I’ve often wondered during this recent spat of Euro-related crises why the US, which has states which are seemingly as different from each other as two European countries, doesn’t have dollar zone problems. Paul Krugman, in a piece on the history of the Euro, gives a good explanation of why Nevada is fine being in a currency union with California, but Ireland has problems hanging out with Germany:
Climate, scenery and history aside, the nation of Ireland and the state of Nevada have much in common. Both are small economies of a few million people highly dependent on selling goods and services to their neighbors… Both were boom economies for most of the past decade. Both had huge housing bubbles, which burst painfully. Both are now suffering roughly 14 percent unemployment. And both are members of larger currency unions: Ireland is part of the euro zone, Nevada part of the dollar zone, otherwise known as the United States of America.
But Nevada’s situation is much less desperate than Ireland’s.
First of all, the fiscal side of the crisis is less serious in Nevada. It’s true that budgets in both Ireland and Nevada have been hit extremely hard by the slump. But much of the spending Nevada residents depend on comes from federal, not state, programs. In particular, retirees who moved to Nevada for the sunshine don’t have to worry that the state’s reduced tax take will endanger their Social Security checks or their Medicarecoverage. In Ireland, by contrast, both pensions and health spending are on the cutting block.
Also, Nevada, unlike Ireland, doesn’t have to worry about the cost of bank bailouts, not because the state has avoided large loan losses but because those losses, for the most part, aren’t Nevada’s problem. Thus Nevada accounts for a disproportionate share of the losses incurred by Fannie Mae and Freddie Mac, the government-sponsored mortgage companies — losses that, like Social Security and Medicare payments, will be covered by Washington, not Carson City.
And there’s one more advantage to being a U.S. state: it’s likely that Nevada’s unemployment problem will be greatly alleviated over the next few years by out-migration, so that even if the lost jobs don’t come back, there will be fewer workers chasing the jobs that remain. Ireland will, to some extent, avail itself of the same safety valve, as Irish citizens leave in search of work elsewhere and workers who came to Ireland during the boom years depart. But Americans are extremely mobile; if historical patterns are any guide, emigration will bring Nevada’s unemployment rate back in line with the U.S. average within a few years…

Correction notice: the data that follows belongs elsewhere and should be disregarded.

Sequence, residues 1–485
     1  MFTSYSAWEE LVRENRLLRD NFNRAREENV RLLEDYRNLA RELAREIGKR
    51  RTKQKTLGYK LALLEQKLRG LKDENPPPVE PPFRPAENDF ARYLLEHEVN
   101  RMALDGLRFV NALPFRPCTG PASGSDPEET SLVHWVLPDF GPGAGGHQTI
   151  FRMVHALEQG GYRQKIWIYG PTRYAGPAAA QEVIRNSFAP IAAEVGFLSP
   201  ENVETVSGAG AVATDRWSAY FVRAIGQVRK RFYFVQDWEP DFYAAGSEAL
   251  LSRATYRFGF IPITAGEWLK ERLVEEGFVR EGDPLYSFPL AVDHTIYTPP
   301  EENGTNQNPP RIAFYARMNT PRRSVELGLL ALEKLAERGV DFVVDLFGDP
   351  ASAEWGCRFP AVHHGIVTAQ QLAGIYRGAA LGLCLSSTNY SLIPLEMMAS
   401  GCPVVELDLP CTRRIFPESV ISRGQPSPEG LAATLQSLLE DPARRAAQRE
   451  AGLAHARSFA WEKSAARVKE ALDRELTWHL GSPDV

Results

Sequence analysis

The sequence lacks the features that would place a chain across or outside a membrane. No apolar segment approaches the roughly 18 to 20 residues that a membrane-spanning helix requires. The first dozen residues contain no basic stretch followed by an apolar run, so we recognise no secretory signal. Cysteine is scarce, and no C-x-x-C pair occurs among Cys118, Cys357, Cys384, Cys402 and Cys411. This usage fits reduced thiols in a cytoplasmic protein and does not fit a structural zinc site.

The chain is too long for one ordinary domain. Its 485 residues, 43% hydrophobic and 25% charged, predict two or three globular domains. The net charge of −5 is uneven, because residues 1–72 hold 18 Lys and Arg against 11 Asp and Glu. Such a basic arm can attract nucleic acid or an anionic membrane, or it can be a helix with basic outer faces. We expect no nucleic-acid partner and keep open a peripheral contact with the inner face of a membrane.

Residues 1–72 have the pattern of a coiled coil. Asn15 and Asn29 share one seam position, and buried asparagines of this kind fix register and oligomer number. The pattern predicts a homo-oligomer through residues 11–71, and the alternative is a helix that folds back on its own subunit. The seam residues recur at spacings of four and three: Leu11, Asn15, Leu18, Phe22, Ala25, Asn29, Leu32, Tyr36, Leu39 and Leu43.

In essence, the United States partakes of the advantages of a currency union (easy interstate commerce, allowing long-term interstate economic relationships, etc.) and in return subsidizes states which are suffering unemployment or fiscal imbalance. Whereas states would normally inflate their way out of extreme debt or unemployment, the federal government will prop them up so that the entire nation can work with the dollar. At the same time, because there are no barriers to moving between states the unemployed can seek out jobs in boom towns.
What Krugman only addresses slightly is the consideration that Nevada might be better off with its own currency or even free banking, where there is some market competition for currencies. Krugman does say that Brooklyn is so integrated into the New York economy that changing currencies after crossing into Manhattan would be cumbersome, but it’s unclear at what point economies are integrated enough to call ready for a union. As he says, currency unions have major costs and uncertain benefits. Who is to say that the U.S. hasn’t just internalized these costs in the form of transfer payments between states? Maybe our bailouts are invisible because they are happening all the time, and are just accepted as the price of having Nevada (and all the small, essentially subsidized states) in the union. And while it would be ridiculous to claim that these costs are equivalent to the violent upheavals currently taking place in Europe, it would also be unfortunate not to examine our assumptions about the optimum size of currency unions.
Photo: My picture at Bull Run, available under CC licence